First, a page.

Accumulation of p53 in relation to long-term prognosis in colorectal carcinoma

Teresa Starzynska, Mike Bromley, Krzysztof Marlicz, Stephen A. Roberts, Michal Ucinski, Peter L. Stern

    Research output: Contribution to journalArticlepeer-review


    Objective: To evaluate the prognostic value of p53 in colorectal cancer. Design: A retrospective study to investigate the correlation between p53 in tumour tissue and the course of patients' disease. Patients: One hundred and two patients who underwent radical surgery for colorectal cancer and were followed up for a minimum of 5 years, or until death, were included in this study. Methods: The p53 expression in tumour tissue was studied by immunohistochemistry using CM1 polyclonal rabbit antibody and formalin-fixed, paraffin-embedded material. Results: p53 accumulation was detected in 46% (47/102) of the tumours. There was no significant difference in long-term survival between the patients with p53 positive and negative tumours (P = 0.86). Five-year survival rates were 55% for p53 positive tumours compared with 56% for patients with p53 negative tumours. However, patients with p53 overexpressing tumours showed a higher local recurrence rate than those having carcinomas with undetectable levels of p53, 23% versus 9% respectively; the 2-year actuarial rates of 26% and 9% were statistically different (P = 0.015). Conclusion: The results suggest that in colorectal carcinoma accumulation of p53 is not associated with a difference in long-term prognosis. However, this phenomenon might be useful in the identification of patients with a high risk of local recurrence.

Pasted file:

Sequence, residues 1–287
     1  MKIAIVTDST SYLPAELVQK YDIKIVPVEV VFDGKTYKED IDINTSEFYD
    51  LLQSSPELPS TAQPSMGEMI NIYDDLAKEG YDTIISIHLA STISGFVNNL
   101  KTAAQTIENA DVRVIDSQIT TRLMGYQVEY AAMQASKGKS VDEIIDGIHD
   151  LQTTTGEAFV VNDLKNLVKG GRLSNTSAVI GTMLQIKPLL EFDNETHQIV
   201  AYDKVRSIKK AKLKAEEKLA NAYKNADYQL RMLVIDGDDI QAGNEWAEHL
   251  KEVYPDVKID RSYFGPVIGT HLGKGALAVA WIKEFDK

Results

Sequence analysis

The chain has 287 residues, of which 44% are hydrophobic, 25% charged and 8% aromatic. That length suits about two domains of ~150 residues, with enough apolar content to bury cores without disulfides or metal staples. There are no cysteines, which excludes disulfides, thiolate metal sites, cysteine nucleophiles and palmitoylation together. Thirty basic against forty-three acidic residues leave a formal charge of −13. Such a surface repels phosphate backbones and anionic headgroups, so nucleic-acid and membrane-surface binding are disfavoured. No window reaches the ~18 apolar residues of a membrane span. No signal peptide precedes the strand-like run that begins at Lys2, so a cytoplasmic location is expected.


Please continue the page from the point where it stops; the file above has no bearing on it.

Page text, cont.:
Original languageEnglish
    Pages (from-to)183-186
    Number of pages3
    JournalEuropean Journal of Gastroenterology and Hepatology
    Issue number2
    Publication statusPublished - 1997


    • Colorectal cancer
    • p53 accumulation
    • Prognosis


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